A decade later, most observers credit the “secret” of Op’s juniors and overall branding triumph to a multibrand strategy Baker introduced that targets product categories by age group and distribution, positioning its West Coast-inspired lifestyle products across several segments. It’s no longer about being “core,” a near-mythical positioning, whereby board and street brands strive to retain credibility among the original fans by claiming not to appeal to outsiders.“No one’s going to confuse Op with being core anymore,” said one competitor at the August ASR Expo in San Diego. “But what does that mean anymore?”
The brands at Op Apparel are:
Op, the contemporary banner brand sold in department stores.
Ocean Pacific, for 22- to 45-year-olds. The spelled-out label is available exclusively through J.C. Penney through the end of 2003, with wider mid-tier distribution going forward. It is considered more sophisticated resort- and casualwear.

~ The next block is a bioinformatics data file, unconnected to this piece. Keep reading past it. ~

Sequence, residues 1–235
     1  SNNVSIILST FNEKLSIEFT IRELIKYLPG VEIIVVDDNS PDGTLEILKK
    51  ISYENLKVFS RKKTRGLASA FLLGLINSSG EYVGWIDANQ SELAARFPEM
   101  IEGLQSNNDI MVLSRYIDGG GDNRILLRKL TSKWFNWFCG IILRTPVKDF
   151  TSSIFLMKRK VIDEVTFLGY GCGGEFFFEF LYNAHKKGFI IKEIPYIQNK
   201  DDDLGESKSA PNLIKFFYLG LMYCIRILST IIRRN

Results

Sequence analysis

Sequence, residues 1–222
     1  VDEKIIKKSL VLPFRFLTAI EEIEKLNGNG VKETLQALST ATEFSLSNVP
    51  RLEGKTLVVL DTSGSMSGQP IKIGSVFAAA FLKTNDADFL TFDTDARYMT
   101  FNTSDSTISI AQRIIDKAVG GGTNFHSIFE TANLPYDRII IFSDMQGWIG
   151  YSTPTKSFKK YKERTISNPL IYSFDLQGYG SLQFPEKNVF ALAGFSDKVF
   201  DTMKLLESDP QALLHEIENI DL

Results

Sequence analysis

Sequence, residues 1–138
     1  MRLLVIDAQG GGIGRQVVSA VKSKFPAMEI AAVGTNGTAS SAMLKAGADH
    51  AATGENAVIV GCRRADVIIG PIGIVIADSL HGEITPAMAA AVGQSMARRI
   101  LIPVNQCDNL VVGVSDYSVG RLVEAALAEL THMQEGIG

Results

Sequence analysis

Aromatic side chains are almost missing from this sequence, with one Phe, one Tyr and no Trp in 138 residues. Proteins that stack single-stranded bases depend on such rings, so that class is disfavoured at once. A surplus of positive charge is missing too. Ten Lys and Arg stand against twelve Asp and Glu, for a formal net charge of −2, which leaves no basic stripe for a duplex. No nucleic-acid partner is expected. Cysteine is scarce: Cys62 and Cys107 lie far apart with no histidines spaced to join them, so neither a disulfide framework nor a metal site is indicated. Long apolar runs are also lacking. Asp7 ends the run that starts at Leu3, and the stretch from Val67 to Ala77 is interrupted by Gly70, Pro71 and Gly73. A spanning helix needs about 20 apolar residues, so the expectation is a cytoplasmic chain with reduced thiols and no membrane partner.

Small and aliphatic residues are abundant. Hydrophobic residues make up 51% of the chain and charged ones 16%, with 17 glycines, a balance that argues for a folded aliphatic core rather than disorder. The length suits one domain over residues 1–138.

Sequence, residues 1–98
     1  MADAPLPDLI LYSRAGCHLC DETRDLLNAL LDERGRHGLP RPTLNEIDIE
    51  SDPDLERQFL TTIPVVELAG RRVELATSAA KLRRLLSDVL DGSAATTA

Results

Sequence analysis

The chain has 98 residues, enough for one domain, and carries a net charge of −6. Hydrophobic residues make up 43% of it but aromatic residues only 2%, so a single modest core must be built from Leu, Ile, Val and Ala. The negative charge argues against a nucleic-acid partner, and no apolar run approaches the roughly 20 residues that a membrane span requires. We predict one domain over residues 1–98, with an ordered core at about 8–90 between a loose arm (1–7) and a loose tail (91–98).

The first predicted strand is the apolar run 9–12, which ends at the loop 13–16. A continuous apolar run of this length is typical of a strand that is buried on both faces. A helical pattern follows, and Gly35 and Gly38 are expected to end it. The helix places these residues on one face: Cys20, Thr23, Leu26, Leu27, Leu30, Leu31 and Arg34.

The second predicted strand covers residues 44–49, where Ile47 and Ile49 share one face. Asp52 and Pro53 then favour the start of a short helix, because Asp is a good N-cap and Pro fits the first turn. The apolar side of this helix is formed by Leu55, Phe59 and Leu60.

Seven2, the newly launched, fashion-driven line, which enveloped the high-profile, retro revival Op Classic experiment, a mini-line of its Seventies heyday classics that proved a hit among cool specialty shop consumers from Japan to London.
It hasn’t been easy — and the company was being shopped around last year.But that’s ancient history now.
“When I look back at companies I’ve been involved in,” said Baker, “a common theme emerges: They all required some form of reconstruction, repositioning — either as a brand or category. I believe our business model is one of the future. You’re going to see a lot more setups aligning with multiple manufacturing partners. By offering cool product with cool marketing, it no longer is a function of where you bought it.”